Capitol Hill Community Council notes: microapartments letter, streetcar art, logo contest

Given our small role in Seattle’s media industry, we have to admit to a little extra love for the Capitol Hill Community Council an its newly installed publisher/president George Bakan. Curious to know how a council meeting run by a Seattle media mogul goes? Here’s our set of notes from last Thursday’s September council session in the Cal Anderson Shelter House. You can learn more about the CHCC and plan ahead for the next meeting in November at capitolhillcommunitycouncil.org.

  • Capitol Hill Station: Vanessa Murdock of the Department of Planning and Development talked about Monday night’s meeting which will “touch on designs of the urban design framework (in relation to Capitol Hill Light Rail Project).” “Monday is the night!” says council member Michael Wells, it is “a cumulative effect of years and years of work…Capitol Hill should be proud.” President Bakan agreed, adding, “It’s a fascinating project…go to the meeting.”
  • Microapartments: The most vigorously discussed issue of the night was on building density and the concern that some developers of “apodments” and microhousing are skirting proper building planning review via loopholes.  “These are incredibly vague rules,” remarked an attendee. “We have identified 10-11 (microhousing units) on Capitol Hill,” said a presenter fromReasonable Density Seattle.

After an hour of debate about microhousing and the wording of a letter to be sent to the Seattle City Council — in a nutshell, “We don’t like that apodments don’t have building review signs, look into it.” — the meeting moved on.

  • Melrose Promenade: The Melrose Promenade Project presented on its future endeavors in the area. They hold a community clean-up event every 2nd Sunday of every month. Check out the Melrose Promenade Facebook page for details. UPDATE: We’ve removed erroneous details regarding clean-ups that have already occurred. A representative says a $20,000 grant will be used for a community “visioning” process.
  • Streetcar route art project: Claudia Fitch of SDOT made a presentation about an arts project that will be part of the under construction streetcar line. This will include creating light posts representative of the area around each part of the route. In the International District the light posts will be based on the cultures of the boroughs they represent. On Broadway it will be bright and a modern-deco design. The arts projects will also include “eye of the needle” posts which will carry catenary wires along the street car line and she also presented ideas for artistic partitions between bike lanes and using cross-hatching patterns on crosswalks. These projects are in the conceptual stage.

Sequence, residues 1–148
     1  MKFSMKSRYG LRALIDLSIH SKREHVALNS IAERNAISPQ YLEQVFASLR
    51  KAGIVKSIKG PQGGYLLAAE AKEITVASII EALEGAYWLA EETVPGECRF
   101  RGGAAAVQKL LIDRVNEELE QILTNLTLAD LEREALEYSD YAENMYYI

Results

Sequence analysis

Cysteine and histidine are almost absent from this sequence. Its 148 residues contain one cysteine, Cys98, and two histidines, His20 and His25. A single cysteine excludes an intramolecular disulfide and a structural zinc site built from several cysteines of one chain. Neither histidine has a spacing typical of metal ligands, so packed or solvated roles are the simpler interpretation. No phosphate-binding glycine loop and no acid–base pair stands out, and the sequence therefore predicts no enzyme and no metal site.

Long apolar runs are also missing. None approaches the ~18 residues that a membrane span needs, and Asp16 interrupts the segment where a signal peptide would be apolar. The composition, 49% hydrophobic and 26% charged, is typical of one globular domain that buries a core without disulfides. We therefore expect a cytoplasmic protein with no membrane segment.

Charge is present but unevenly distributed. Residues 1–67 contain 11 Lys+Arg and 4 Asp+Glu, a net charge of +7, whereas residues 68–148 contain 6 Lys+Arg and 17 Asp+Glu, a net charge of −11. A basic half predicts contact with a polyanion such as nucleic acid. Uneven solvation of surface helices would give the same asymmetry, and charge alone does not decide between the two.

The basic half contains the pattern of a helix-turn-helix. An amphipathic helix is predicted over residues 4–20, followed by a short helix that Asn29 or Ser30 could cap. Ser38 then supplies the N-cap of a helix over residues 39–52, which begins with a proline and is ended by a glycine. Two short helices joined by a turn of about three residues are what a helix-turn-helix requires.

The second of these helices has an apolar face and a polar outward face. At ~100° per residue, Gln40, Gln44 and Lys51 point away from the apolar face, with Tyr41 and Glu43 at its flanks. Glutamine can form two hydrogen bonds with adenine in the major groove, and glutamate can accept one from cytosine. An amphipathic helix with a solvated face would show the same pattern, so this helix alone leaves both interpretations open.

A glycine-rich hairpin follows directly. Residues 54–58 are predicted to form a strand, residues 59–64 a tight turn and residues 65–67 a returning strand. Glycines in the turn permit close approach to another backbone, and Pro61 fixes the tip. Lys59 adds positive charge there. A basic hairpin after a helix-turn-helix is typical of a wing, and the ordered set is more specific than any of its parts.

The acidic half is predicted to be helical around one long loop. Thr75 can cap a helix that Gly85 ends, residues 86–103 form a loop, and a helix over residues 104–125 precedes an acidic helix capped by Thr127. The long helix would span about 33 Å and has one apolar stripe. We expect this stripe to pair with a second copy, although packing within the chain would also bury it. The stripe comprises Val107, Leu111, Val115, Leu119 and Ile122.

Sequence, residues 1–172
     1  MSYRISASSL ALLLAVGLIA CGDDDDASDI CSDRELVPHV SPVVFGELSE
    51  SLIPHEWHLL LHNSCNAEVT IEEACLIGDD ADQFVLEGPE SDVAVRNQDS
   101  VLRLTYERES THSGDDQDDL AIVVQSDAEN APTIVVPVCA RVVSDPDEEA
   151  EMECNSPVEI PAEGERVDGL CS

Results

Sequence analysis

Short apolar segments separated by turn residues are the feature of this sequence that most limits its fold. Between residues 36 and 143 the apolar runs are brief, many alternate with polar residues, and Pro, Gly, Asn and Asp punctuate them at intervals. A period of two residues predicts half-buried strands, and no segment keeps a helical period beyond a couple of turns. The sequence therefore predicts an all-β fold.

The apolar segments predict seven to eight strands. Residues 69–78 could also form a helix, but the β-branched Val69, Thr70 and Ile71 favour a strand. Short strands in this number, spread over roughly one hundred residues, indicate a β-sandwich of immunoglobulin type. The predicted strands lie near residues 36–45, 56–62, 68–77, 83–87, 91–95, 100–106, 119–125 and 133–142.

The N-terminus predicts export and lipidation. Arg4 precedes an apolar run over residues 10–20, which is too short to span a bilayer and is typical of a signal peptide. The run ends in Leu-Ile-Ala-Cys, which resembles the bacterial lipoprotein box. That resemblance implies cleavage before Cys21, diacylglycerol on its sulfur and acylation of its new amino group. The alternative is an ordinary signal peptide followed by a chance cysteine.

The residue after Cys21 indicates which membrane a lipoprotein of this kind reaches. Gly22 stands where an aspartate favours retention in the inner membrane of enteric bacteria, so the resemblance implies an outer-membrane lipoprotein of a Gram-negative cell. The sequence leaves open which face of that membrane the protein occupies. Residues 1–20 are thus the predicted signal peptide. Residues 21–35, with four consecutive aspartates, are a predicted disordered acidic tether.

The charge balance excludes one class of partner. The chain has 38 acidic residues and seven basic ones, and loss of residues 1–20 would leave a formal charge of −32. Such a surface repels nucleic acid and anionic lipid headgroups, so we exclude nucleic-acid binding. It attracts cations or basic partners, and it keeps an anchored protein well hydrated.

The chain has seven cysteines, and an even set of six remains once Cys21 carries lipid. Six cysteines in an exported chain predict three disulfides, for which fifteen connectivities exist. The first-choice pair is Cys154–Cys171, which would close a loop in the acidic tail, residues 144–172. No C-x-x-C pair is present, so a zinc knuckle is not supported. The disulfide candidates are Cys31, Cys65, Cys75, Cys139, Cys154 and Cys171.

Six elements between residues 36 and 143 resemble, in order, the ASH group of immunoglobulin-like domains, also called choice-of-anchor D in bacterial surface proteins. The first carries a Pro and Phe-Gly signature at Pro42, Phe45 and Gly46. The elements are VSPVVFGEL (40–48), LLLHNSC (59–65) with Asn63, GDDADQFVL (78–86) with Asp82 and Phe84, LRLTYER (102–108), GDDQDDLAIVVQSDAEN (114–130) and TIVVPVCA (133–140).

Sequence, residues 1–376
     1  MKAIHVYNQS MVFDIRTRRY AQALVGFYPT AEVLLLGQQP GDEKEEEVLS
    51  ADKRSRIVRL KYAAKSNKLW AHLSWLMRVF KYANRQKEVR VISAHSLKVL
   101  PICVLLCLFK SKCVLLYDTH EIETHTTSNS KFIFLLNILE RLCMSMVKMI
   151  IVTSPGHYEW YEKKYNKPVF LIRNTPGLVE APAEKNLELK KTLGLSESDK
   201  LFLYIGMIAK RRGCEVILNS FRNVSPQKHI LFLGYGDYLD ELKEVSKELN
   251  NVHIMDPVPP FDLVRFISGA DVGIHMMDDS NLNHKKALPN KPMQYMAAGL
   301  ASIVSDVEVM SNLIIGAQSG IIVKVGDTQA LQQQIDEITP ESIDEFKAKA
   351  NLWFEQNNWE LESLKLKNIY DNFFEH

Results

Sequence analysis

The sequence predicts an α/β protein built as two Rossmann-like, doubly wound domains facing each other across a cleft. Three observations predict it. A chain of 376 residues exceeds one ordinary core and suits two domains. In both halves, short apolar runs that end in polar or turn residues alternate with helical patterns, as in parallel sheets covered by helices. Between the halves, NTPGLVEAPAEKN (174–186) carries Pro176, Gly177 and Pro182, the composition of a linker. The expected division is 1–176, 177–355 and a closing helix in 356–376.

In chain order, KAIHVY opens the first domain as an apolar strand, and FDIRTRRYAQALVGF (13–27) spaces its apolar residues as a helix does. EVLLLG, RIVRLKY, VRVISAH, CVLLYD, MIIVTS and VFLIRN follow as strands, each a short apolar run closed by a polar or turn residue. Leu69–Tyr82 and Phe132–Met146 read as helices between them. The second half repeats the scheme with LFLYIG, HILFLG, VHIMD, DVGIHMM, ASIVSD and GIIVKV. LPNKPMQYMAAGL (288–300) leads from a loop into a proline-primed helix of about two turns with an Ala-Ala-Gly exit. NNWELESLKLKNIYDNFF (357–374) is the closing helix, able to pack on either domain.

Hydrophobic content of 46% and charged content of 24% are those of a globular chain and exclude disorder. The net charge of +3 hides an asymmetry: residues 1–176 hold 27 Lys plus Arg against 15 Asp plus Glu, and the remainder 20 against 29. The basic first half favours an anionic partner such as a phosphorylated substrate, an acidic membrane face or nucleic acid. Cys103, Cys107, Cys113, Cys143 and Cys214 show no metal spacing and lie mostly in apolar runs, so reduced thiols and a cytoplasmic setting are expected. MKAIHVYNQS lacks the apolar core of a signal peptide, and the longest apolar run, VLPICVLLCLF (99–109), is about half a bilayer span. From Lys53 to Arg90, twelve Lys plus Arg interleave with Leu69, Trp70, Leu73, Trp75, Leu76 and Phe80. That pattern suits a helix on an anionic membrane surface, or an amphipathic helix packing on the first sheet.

• Omnivorous: David Dologite presented on behalf of Capitol Hill Housing and shared details of this Friday’s Omnivorous fundraiser which will have “unlimited nibbles” and “chocolate in there somewhere.” 
  • Cal Anderson safety: Police will be stepping up patrols; working with school (Seattle Central has stepped up security to operate 24/7). Michael Wells of the council said, “Nagle Place has gotten sketchy.” SCCC will be putting up more lights.
  • East Precinct Advisory Council: Next Thursday, EastPAC will be holding a meeting and are looking for people to get involved with the council. It will be held at Seattle University in Chardin Hall.

More notes:

  • A woman made a presentation on a potential QR project (QR are those funky looking bar codes that smart phones can read). This would involve setting up QR codes around Capitol Hill that link to online polls which residents can use to voice their opinion on issues affecting the community. The presentation was associated with Small Sparks.
  • A logo contest is being held to create a new one for the Community Council. An undetermined prize will be given to the winner.
  • The CHCC treasurer spoke about the various issues they have with Bank of America and their plan to move to BECU. The CHCC currently has $1,896 in their back account to which Bakan said, “We need more money.” Another asked how people can donate, to which the treasurer replied, “Just give it to me!” Bakan also notes that CHCC is not a non-profit.

19 thoughts on “Capitol Hill Community Council notes: microapartments letter, streetcar art, logo contest

  1. @ Sovietbot: that is a very good question. First, the CHCC does not have the cash to hire a designer to do a full identity package. Second, although a highly qualified designer was willing to do the project pro bono, some members thought that it should be more open, transparent in the spirit of the organization itself.

  2. WOW 18 and counting!!!

    1. 621 12th Ave E. A SFR to be razed. A 55 unit apodment permitted and going up soon. At 5 stories will dominate SFRs to North and West. Will completely shade the house to the north

    2. 116 13th Ave E. Lot is cleared! Construction of an apodment development, foundation poured. N.B. Less than one block from project below.

    3. 1304 E. John St. 3 Towers completed 56 units up and running. N.B. Less than one block from project above. “Centro”

    4. 422 11th Ave E. Foundation poured and framing started on two towers of 42 units.

    5. 216 23rd Ave. E. Completed 46 units in two buildings that fit in well with surrounding buildings. “Videre”

    6. 306 Summit Ave E. 55 unts nearing completion 7 stories, very tall in relation to surrounding buildings in neighborhood.

    7. 227 Boylston Ave. E Building plans to hold about 28 units. “Cortena”

    8. 310 17th Ave. S, Unknown unit count. “Solana”

    9. 413 11th Ave. Unknown unit count 6 stories very tall in relation to surrounding buildings. “Terrazza”

    10. 1510 23rd Ave. Unknown unit count. “Pine South”

    11. 1520 23rd Ave. Unknown unit count. “Pine North”

    12. 2371 Franklin Ave S. SFR to be razed. 39 unit permitted. Out of scale for area.

    13. 4309 7th Ave NE. Unknown unit count. “Trovere”

    14. 4047 8th Ave NE. Unknown unit count. “Avenida”

    15. 4017 5th Ave NE. 14 units. Reserved for America Corps volunteers. Discriminatory? “TheAmerihaus”

    16. 4032 8th Ave NE. 19 units. More than 8 units per kitchen? “Portage Bay South”

    17. 4036 8th Ave NE. Unknown units. “Portage Bay North”